News Media in Crisis: A Question of Trust

April's Program

This meeting will take place one week earlier than usual due to Songkhran.

The print media were slow to respond to the digital media onslaught. The response was hampered by ignorance, complacency, uncertainty and errors of judgment. But newspapers in many countries were losing the battle before it even began because they had lost the trust of their readers. The fallout from the phone-hacking scandal in Britain is the most spectacular example of the media's abuse of trust but people in the UK, Australia and America had been losing faith in newspapers for years before that. Many newspapers were shedding readers so steadily that when the digital battle was joined they no longer had the sales base to fight back to try to maintain their share of advertising sales. But the advertising dollars once shared by a finite number of newspapers are now spread out over an almost infinite number of digital sites and this means very few are making big money.

This, in turn, raises the question: who is going to pay for the news?

Friday April 5, 2013
6:15 PM
Royal Phuket Marina
David Armstrong

David Armstrong

David Armstrong came to Thailand in 2005 to run Post Publishing (the Bangkok Post company) - and stayed. He finished working there in 2011 and in 2012 resigned from his last media position, chairman of the Phnom Penh Post company, ending a journalistic career that spanned more than 40 years.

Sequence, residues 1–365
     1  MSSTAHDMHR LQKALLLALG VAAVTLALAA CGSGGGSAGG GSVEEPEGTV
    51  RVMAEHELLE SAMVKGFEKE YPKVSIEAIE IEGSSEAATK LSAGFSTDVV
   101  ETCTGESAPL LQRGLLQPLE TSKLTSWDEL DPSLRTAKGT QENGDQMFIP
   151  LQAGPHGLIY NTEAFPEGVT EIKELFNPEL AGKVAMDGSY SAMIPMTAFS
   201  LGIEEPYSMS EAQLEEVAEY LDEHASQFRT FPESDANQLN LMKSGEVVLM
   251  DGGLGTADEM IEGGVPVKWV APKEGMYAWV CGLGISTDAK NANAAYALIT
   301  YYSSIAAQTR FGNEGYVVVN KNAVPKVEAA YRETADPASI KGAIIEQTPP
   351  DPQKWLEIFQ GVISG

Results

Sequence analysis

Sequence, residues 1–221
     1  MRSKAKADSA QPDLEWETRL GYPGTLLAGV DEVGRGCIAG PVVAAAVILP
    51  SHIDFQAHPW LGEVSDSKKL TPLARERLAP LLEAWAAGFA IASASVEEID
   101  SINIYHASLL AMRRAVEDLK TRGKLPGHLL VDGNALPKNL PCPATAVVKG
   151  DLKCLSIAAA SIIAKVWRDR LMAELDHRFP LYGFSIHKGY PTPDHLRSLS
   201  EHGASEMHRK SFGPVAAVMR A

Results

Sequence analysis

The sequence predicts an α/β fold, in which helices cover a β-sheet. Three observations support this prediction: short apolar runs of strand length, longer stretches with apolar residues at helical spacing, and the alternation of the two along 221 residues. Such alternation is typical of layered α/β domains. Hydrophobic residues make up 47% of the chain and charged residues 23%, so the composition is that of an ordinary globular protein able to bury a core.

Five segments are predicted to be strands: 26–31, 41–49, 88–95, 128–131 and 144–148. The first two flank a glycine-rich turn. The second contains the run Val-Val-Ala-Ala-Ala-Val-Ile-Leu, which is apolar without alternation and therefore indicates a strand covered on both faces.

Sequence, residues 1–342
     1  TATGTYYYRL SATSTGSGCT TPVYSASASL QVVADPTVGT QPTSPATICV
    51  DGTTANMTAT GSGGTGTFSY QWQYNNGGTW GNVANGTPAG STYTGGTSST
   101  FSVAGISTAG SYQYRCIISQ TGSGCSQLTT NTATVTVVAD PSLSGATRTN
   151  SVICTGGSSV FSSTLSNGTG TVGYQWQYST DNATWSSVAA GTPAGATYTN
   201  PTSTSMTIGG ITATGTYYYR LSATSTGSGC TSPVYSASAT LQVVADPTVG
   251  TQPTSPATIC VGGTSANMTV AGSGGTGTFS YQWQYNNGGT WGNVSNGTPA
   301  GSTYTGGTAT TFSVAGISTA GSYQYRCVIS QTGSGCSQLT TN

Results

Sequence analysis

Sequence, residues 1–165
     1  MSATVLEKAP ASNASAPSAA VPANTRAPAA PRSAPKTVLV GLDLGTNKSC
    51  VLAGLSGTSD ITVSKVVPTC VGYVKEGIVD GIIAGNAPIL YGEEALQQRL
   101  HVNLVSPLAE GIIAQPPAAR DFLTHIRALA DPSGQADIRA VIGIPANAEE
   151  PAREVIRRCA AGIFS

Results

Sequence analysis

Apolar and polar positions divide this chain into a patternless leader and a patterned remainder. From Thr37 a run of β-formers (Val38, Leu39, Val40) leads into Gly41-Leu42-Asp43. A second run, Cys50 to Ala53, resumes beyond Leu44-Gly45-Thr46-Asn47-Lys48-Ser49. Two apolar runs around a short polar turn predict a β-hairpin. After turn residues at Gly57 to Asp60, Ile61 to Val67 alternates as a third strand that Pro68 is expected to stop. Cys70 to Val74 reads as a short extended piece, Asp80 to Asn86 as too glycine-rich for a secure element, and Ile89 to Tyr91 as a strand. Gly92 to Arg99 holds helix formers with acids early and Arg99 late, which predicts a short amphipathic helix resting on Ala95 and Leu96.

David started as a junior reporter on The Australian in 1969 and his career included working as editor or editor-in-chief of The Australian, The Bulletin, The Canberra Times and the South China Morning Post in Hong Kong.

He was widowed in 2001 but last year married Nichapa Mahuemuang, an accountant originally from Kamphaeng Phet. He is a graduate of the University of New South Wales and is now a conjoint professor at that university's Journalism and Media Research Centre.

In 2003, David was awarded the Australian Government's Centenary Medal, for services to newspapers and journalism. He is a former director of the Australian-Thai Chamber of Commerce and last year received the chamber's President's Award.

Royal Phuket Marina

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Near the intersection of Bypass Road and Thepkasattri Road (the airport road). Once on the RPM property, follow signs. Additional details will be posted here as they become available.

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